Little games appeal to players by exploring themes of connecting — how artificial characters within games interact, how players interact with the characters. They lead us into these worlds with optimistically chirping chicks in the game “Toki Tori 2″; a stark yet magical take on Middle America in “Kentucky Route Zero”; or “Pinstripe’s” surreal adventure about a man, alone with his dog, looking for his wife.
In “Toki Tori 2″ players have only two options — jumping and singing. They control the game’s namesake, a young chicken trying to save its forest; learning how to communicate is the crux of the game.
In the borderline experimental “Kentucky Route Zero” the biggest challenge is in deciding what to say. With its dark hues and from-a-distance animation, it’s unclear what period the game is set in. One can drive around, explore abandoned mines and meet other lonely souls living in a near-forgotten truck-stop town.
The designers of “Kentucky Route Zero” credit the rise of mobile and downloadable games as not only expanding the industry’s appeal but challenging developers.
“One thing that’s happening is that games are reaching more people,” said “Kentucky Route Zero’s” co-developer Jake Elliott, who also teaches experimental game classes at the School of the Art Institute of Chicago. “The audience is spreading out, both on the player and creator side. There [are] a lot of people who are not gamers or haven’t been practicing first-person-shooters and are excited about games and are looking for games that aren’t reflex oriented. They’re looking for stuff that is more thematic.”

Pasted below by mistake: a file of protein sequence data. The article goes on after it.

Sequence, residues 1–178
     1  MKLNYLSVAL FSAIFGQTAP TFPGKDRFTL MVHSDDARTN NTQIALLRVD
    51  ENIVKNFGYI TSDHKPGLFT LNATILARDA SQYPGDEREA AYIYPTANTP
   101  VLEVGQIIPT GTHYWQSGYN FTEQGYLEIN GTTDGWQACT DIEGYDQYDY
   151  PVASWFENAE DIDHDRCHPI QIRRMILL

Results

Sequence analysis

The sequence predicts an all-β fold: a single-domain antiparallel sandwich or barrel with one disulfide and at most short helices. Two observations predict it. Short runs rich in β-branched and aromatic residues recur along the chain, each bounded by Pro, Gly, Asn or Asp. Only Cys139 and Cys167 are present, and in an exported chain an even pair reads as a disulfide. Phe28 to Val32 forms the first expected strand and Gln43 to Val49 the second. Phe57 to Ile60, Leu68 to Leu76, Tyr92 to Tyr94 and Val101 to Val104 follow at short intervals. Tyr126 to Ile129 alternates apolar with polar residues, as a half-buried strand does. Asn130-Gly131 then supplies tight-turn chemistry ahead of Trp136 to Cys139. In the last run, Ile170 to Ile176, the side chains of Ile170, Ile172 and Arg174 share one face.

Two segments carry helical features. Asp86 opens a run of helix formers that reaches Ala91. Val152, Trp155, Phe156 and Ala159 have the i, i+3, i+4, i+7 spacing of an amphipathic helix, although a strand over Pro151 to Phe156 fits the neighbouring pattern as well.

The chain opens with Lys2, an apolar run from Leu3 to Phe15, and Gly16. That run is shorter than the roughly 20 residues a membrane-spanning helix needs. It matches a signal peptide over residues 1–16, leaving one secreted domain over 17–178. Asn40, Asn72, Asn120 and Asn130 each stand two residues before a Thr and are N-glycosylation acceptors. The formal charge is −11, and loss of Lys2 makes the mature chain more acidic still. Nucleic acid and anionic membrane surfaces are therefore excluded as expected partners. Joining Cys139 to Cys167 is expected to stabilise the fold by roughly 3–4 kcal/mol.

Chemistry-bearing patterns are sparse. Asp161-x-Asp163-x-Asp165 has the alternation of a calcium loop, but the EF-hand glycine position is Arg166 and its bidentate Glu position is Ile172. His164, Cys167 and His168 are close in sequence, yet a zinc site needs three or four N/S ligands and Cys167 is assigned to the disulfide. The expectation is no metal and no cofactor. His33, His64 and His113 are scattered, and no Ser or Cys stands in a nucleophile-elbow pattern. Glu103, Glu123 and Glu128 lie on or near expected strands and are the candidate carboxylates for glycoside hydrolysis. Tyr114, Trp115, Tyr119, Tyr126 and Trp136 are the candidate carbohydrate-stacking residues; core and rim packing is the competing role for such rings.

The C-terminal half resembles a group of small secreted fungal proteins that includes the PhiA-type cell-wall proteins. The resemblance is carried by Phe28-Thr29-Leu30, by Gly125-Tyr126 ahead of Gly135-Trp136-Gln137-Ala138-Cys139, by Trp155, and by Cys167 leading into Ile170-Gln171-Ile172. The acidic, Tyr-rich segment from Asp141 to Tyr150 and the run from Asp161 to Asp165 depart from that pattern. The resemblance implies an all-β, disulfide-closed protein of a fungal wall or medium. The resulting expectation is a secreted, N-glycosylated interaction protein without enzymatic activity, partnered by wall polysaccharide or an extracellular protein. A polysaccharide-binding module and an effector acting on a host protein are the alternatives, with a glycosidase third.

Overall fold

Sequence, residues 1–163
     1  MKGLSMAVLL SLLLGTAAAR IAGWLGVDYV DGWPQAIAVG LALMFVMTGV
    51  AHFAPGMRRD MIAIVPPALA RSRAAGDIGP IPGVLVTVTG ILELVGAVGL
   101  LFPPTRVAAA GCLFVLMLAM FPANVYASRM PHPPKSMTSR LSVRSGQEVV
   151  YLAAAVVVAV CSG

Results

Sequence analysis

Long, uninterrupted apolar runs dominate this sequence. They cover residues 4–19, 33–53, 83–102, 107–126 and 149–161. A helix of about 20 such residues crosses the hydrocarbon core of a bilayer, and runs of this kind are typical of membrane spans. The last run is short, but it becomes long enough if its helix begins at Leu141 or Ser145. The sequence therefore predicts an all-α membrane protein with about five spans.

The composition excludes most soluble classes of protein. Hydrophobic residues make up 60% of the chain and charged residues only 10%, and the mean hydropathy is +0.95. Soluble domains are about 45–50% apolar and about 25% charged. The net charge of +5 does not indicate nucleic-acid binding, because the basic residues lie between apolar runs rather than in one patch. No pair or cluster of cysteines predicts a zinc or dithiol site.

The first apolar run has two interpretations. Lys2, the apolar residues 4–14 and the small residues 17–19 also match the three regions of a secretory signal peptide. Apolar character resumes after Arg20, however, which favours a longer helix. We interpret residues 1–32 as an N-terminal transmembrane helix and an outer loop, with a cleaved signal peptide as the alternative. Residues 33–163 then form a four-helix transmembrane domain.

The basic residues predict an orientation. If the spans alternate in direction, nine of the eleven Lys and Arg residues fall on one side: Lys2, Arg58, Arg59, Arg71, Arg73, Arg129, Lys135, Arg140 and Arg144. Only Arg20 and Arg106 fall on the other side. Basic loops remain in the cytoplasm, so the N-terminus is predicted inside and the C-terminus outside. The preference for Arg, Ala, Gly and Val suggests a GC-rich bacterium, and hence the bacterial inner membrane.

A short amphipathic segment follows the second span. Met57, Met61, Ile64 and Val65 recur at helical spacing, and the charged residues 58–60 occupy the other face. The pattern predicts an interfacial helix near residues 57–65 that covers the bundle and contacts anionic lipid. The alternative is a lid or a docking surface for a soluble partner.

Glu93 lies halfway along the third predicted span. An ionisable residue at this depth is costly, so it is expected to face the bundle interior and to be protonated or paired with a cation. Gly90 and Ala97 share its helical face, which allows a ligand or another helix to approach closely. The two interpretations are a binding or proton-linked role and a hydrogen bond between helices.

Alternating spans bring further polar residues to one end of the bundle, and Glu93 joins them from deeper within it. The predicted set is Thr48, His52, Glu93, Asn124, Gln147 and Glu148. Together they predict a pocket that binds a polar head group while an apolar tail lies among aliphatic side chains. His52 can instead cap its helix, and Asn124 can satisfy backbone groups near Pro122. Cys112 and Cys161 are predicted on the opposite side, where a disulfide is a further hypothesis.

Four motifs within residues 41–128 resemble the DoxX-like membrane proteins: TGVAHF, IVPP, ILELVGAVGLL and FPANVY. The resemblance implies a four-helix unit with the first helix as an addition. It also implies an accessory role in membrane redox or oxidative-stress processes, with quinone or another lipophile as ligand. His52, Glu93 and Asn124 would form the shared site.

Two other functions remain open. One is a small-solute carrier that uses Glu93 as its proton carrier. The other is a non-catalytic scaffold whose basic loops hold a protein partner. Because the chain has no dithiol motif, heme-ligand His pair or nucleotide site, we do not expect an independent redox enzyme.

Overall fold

“Year Walk,” which requires players to remember melodic patterns (take notes), is almost existential. Developed by the experimental Swedish studio Simogo, it’s part game/part graphic novel. The cold, fantastical world is navigated by swiping left, right or up and down (draw a map), and all sorts of disturbing creatures are to be found, such as a horse-like person or an odd, floating ice queen.
The game’s Nordic-winter look is inspired by the work of Yuri Norstein, with much of it appearing to be hand-drawn paper cutouts. Its premise is centered around the myth that a year-long walk can show you the future. Many have taken this journey, we’re told in the game, “to see if they would be healthy, to see if they would be happy … to see if they would be loved.”
Such languid, character-driven narratives are starting to creep into the mainstream.
Take Joel and Ellie in Naughty Dog’s “The Last of Us,” two characters whose reluctant respect for each other bleeds more tension than the zombie-like humans in the game.
Published by Sony for the PlayStation 3, it’s one of the rare mainstream titles to put emotion ahead of plot or mechanics. The game even discourages players from shooting: Joel’s arm realistically quivers when he holds a gun, making the task of taking aim an uncomfortable one.
“The Last of Us” creative director Bruce Straley said the goal was to add “negative space” to the game. Players can explore and engage in dialogue sometimes two hours at a time while encountering very little action.
“We’re challenging ourselves about what we know and what we’re familiar with in games,” Straley said. “How can you do this differently? What are we trying to achieve? What are we trying to make the characters feel? Where are the characters at? If this is where the relationship is, how do we get that in game play? There’s a wide array of feelings we want to explore.”
Feelings? That’s a word not often associated with video games, but as players grapple with whether it’s worth dropping hundreds of dollars on a new system, it’s becoming clear that some of the most impressive new titles are the ones that do more with less.
— Todd Martens